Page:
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The corporate governance implications of globalization for Colombian Companies

The offices of Pinilla, González & Prieto in the heart of Bogotá’s business district was the venue for the Legal 500 round table on corporate governance and OECD norms. Attendees included in-house representatives of industries ranging from insurance (Aon Risk Solutions) and banking (BBVA Colombia), to mining (Inter American Coal), pharmaceuticals (Bayer) and consumer groups such as Unilever and Reckitt Benckiser, as well as service sector companies such as Colombian Business Services. We were also fortunate enough to count on the presence a former senior partner from a global law firm, now active in consultancy, whose experience on both sides of the table was invaluable.

With globalization, cross-border M&A transactions and a fast-developing regulatory framework changing the landscape of Colombia’s corporate governance regime, businesses are facing an increasingly complex scenario requiring the careful balancing of regulatory and disclosure responsibilities, as required by foreign investors while also protecting local shareholders. The vibrant conversation that ensured touched on matters including the rights and equitable treatment of shareholders, operations between linked parties (both intra-group and subsidiary/headquarters), managing conflicts of interest, information disclosure and transparency (in both open and closed corporations) and the fiduciary duties of administrators. And while Chatham House Rules prevent us detailing precisely who said what, Inter-American Coal’s Ana Maria Echeverria and Aon Risk Solutions’ Julian Avila made particularly incisive contributions – as did Gulland Padfield’s James Edberg and firm managing partner Felipe Pinilla.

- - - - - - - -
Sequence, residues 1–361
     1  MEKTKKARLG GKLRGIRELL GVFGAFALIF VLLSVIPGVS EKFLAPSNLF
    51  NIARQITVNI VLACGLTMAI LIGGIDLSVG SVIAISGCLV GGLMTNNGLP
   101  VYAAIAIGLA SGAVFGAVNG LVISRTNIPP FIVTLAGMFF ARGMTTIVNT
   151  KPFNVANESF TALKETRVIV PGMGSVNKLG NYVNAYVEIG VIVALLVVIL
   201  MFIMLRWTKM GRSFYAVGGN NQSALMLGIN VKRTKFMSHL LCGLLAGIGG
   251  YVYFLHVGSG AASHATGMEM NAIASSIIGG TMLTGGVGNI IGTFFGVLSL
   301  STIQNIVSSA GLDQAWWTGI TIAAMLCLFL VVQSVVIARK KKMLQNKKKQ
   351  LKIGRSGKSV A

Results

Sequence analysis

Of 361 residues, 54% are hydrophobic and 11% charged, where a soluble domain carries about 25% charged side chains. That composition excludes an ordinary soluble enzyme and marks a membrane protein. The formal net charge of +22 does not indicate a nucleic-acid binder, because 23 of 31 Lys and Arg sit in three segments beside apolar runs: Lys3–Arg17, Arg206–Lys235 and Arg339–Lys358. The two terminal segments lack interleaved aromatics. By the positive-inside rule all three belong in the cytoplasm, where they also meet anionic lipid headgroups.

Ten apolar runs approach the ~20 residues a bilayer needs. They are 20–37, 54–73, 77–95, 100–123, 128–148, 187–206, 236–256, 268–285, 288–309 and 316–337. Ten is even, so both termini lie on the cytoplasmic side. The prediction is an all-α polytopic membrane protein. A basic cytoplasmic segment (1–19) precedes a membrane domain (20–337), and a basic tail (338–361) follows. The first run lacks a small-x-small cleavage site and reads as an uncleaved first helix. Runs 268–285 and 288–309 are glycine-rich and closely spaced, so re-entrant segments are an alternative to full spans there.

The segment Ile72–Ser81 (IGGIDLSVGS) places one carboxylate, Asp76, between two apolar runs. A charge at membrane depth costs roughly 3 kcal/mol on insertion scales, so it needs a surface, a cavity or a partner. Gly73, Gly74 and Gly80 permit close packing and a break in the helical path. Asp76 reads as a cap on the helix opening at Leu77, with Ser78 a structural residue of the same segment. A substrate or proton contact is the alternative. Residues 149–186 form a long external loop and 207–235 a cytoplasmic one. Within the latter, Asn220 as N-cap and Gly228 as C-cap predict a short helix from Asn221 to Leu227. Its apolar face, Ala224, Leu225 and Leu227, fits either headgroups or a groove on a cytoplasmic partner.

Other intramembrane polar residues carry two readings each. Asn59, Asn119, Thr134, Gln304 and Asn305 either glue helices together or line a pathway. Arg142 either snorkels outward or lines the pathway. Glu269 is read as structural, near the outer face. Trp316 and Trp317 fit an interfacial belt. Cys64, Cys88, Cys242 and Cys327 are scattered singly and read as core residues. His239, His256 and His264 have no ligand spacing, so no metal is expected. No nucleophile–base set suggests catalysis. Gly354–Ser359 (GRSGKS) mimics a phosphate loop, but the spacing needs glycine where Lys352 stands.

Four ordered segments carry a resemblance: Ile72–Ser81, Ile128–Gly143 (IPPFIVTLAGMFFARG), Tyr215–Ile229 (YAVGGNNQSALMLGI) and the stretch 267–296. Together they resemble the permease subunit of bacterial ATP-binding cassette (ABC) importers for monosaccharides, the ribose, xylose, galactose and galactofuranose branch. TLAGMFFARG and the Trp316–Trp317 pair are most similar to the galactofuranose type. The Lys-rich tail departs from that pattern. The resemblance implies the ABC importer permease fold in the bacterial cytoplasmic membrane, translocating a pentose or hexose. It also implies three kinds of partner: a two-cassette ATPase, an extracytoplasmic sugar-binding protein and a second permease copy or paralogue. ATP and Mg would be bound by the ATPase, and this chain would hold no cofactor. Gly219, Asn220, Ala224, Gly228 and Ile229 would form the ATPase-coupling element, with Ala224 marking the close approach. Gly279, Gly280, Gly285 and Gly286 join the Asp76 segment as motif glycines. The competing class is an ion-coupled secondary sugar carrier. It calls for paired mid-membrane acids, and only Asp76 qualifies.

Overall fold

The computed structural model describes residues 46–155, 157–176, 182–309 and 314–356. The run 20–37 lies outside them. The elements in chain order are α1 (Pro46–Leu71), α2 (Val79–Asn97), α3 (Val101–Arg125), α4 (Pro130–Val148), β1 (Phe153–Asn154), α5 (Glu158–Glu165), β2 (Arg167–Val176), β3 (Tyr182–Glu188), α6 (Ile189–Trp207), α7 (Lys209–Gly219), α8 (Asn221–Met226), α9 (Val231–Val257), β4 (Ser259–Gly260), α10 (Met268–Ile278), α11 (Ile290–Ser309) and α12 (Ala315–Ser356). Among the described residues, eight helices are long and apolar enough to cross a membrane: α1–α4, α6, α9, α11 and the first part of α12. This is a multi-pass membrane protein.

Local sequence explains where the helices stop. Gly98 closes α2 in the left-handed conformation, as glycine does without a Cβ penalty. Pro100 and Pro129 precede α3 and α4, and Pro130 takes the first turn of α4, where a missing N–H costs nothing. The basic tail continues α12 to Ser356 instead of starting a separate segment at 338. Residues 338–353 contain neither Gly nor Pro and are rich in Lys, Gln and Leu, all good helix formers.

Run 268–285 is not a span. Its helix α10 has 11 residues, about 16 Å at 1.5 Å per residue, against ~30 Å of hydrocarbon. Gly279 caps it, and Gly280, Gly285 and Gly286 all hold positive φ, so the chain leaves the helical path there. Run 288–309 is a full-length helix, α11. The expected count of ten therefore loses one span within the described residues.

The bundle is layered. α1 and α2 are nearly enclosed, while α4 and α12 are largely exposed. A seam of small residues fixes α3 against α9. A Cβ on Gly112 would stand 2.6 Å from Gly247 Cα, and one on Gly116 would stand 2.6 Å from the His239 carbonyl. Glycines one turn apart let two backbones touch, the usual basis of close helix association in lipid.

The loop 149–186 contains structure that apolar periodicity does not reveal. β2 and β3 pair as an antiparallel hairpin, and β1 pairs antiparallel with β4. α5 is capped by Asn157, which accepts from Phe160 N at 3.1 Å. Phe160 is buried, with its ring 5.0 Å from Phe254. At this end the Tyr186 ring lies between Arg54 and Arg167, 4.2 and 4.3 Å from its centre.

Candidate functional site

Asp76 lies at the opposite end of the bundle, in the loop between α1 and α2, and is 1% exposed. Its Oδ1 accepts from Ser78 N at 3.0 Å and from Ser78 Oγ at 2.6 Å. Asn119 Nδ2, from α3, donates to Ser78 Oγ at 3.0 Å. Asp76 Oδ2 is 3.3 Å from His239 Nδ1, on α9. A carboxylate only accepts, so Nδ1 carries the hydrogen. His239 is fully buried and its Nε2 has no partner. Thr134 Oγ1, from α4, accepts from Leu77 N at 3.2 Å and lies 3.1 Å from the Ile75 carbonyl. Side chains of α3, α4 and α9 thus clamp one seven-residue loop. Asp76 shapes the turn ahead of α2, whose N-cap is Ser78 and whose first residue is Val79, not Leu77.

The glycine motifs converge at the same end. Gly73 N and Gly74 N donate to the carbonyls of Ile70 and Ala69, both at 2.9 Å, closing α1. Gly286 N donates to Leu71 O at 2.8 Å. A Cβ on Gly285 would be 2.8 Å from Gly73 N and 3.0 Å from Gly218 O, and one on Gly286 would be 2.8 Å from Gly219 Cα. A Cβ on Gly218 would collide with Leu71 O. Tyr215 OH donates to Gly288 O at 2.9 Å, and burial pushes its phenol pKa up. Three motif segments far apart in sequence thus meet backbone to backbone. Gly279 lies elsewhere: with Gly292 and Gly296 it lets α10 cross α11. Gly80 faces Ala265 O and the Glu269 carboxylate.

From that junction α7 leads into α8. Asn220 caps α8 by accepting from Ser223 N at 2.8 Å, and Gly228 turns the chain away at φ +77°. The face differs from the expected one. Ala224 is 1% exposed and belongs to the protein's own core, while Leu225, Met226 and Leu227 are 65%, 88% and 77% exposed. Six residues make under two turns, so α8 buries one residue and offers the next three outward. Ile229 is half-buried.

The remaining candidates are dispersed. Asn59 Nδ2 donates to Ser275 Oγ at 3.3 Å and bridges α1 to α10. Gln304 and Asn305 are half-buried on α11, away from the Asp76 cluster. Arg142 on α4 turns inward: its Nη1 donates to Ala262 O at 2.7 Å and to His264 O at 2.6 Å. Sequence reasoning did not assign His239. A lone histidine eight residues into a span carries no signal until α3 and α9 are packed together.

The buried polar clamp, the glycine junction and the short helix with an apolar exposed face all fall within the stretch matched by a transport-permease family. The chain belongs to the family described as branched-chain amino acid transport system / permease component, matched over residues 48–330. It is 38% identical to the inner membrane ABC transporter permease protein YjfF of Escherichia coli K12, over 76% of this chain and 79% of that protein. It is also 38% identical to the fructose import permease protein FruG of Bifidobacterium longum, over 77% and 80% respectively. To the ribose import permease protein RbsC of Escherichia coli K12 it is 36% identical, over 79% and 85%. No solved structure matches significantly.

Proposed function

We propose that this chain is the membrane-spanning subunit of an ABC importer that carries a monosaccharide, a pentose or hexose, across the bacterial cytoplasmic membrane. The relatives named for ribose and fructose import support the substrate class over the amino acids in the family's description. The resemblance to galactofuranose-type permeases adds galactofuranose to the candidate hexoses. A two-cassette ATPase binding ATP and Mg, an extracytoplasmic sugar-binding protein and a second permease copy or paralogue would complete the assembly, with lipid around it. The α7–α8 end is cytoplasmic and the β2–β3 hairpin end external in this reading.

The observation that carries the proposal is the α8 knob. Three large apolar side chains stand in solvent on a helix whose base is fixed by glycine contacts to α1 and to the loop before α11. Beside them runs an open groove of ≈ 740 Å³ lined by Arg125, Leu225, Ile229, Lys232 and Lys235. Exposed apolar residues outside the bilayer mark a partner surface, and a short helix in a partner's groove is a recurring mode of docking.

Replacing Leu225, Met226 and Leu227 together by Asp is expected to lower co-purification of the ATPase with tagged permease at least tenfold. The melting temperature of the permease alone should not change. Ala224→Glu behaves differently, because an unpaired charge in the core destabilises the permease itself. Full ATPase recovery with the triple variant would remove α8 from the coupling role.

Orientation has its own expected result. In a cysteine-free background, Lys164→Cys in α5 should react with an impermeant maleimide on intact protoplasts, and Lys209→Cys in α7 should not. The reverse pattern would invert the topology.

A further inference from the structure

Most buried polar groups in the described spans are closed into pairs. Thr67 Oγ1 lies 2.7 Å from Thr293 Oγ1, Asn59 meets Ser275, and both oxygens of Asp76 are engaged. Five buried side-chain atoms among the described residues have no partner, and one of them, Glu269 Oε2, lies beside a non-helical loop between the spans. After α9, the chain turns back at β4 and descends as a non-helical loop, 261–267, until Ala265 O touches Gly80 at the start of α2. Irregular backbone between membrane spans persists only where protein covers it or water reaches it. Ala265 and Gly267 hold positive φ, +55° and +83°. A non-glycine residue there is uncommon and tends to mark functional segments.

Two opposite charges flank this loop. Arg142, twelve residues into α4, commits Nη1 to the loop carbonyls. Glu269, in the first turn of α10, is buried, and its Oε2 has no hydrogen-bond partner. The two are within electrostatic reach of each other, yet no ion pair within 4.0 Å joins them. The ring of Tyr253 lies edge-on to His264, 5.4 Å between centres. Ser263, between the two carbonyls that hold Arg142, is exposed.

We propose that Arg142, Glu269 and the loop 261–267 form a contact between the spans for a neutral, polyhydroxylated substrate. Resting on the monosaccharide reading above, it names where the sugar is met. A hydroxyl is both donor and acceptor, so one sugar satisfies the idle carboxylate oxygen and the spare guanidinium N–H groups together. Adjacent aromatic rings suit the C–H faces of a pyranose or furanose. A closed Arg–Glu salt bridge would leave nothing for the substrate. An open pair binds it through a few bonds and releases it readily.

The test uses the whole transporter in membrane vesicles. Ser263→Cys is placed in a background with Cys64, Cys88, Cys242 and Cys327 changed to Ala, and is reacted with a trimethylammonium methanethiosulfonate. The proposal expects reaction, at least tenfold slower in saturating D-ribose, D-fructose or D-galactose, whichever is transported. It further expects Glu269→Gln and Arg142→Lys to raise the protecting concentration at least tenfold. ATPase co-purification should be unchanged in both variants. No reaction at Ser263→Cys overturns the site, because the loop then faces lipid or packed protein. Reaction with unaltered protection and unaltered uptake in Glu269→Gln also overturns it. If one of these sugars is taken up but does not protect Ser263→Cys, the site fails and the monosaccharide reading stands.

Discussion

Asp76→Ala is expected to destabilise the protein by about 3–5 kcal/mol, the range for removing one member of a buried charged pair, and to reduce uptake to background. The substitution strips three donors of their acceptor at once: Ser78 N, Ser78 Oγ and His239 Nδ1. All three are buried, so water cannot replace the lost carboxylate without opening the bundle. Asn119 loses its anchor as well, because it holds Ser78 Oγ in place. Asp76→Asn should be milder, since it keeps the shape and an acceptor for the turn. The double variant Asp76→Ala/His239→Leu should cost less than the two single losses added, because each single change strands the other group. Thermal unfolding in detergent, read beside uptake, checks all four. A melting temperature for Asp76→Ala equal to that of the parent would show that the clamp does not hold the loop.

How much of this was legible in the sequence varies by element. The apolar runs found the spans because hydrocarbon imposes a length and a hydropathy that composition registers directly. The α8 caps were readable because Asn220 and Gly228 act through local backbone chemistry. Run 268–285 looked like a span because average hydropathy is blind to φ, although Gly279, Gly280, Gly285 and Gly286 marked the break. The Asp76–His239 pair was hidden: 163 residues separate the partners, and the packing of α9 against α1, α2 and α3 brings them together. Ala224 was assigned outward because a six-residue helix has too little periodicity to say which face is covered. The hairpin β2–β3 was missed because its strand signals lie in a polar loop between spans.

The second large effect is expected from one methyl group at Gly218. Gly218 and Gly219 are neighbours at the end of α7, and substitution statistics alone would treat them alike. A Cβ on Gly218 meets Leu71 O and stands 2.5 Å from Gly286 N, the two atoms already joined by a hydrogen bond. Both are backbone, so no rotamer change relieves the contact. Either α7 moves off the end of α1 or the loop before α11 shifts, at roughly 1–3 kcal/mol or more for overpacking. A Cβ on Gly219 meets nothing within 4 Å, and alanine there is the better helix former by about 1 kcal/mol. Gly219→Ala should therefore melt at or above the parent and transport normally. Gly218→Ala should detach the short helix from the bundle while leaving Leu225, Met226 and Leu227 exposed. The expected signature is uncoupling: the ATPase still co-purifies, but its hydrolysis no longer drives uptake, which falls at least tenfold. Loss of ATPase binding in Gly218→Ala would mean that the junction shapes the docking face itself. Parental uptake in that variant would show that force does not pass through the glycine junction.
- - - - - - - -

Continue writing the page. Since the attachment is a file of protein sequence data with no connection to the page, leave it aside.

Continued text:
Indeed, by chance, the roundtable was held at an interesting –and significant—juncture: just days before the referendum on the peace agreement proposed by the administration of President Juan Manuel Santos. This backdrop seemed to inform -or detonate!- the conversation, which saw the emergence of differences not as regard the applicability and value of OECD norms and other corporate governance measures, but rather of the Colombian State’s ability to oversee and effectively enforce such regulatory requirements in a context where immediate local factors can, from one day to the next, overshadow all other concerns.

Scroll down below to see photos from the evening.